It is increasingly believed that the El Nino weather phenomenon will hit Indonesia in the next couple of months. Over the past weeks reports already surfaced about unusual dry weather impacting negatively on harvests of agricultural commodities in parts of Southeast Asia. In Indonesia, dry weather traditionally lasts from May to August. However, El Nino may cause warmer conditions and extending these into September hence affecting output in the peak harvest season. This will cut agricultural output and provide inflationary pressure.
In the past couple of weeks unusually dry weather in several parts of Southeast Asia has led to expectation that harvests of agricultural commodities in the region will be disappointing. More and more weather forecasters are convinced that the El Nino weather phenomenon (i.e. periodical warm ocean water temperatures off the western coast of South America that can cause climatic changes across the Pacific Ocean) is to return this year causing droughts in the key agricultural-producing countries.
On 10 May 2015, Indonesia Investments released the latest edition of its newsletter. This free newsletter, which is sent to our subscribers once per week, contains the most important news stories from Indonesia that have been reported on our website in the last seven days. Most of the topics involve economic matters such as updates on Indonesia’s Q1-2015 economic growth, April inflation, domestic manufacturing activity, the new palm oil export levy, car sales, unemployment, the mobile phone industry, and more.
Latest Columns Palm Oil
Last week, president Susilo Bambang Yudhoyono extended the moratorium on new permits to convert natural forests and peat lands for a further two years. In 2011, Indonesia's government signed the two-year primary forest moratorium that came into effect on 20 May 2011 and expired in May 2013. This moratorium implies a temporary stop to the granting of new permits to clear rain forests and peat lands in the country. The moratorium particularly aims to limit Indonesia's quickly expanding palm oil industry.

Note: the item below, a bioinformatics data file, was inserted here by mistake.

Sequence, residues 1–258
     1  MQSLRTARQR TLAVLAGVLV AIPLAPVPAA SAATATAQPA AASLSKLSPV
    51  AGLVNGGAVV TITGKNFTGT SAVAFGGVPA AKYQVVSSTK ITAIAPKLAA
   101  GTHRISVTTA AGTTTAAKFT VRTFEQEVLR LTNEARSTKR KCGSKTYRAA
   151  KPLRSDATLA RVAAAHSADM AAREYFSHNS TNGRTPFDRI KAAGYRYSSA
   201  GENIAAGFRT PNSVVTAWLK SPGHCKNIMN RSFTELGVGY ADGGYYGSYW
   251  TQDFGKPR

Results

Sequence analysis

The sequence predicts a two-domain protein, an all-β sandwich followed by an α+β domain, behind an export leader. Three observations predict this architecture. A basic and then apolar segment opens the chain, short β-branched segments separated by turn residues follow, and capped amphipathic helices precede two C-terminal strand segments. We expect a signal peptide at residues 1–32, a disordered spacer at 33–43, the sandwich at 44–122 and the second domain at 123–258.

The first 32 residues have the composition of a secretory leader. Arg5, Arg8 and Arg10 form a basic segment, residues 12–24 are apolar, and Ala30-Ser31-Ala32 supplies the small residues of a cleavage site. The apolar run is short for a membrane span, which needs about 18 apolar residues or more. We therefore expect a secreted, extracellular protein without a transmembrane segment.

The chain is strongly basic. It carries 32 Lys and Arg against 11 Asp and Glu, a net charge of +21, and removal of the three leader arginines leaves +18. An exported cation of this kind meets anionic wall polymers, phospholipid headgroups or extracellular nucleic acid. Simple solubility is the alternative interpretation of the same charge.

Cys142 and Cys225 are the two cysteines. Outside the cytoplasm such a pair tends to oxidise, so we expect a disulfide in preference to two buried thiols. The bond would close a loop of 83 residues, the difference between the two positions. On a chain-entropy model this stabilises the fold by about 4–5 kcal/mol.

Although the United States continues its traditional focus on direct investments in developed countries, primarily in Western Europe, there has been a significant rise in US investments in Indonesia in recent years. Whereas US investments in the developed economies of Western Europe is mostly found in the financial sector and through holding companies, in developing Asia, the US is more focused on the manufacturing sector due to lower production costs. In the last two years, the US emerged as the second-largest investor in Indonesia after Japan.
Shareholders of Astra Agro Lestari, Indonesia's largest agribusiness company by value (which is particularly engaged in palm oil and rubber plantations), agreed to distribute IDR 1.08 trillion (USD $111 million) in dividends to its shareholders. The allocated amount is equivalent to about 45 percent of the company's net profit in 2012. Dividend per share is set at IDR 685 (USD $0.071). Last November, the company had already paid interim dividend of IDR 230 per share. Final dividend will be paid on 3 June 2013.
Indonesian companies engaged in the production of a variety of agricultural products, such as palm oil, experienced a rather poor year in 2012 regarding net profit. Global economic turmoil has reduced the world's consumption of palm oil in both the developed markets and developing markets. In particular decreased demand from China, the world’s biggest buyer after India, made a negative impact on the balance sheets of Indonesian companies.
Associated businesses Palm Oil
- Astra Agro Lestari
- Astra International
- Austindo Nusantara Jaya
- Bakrie Sumatera Plantations
- Dharma Satya Nusantara
- Eagle High Plantations
- Eterindo Wahanatama
- Golden Plantation
- Gozco Plantations
- Indofood Sukses Makmur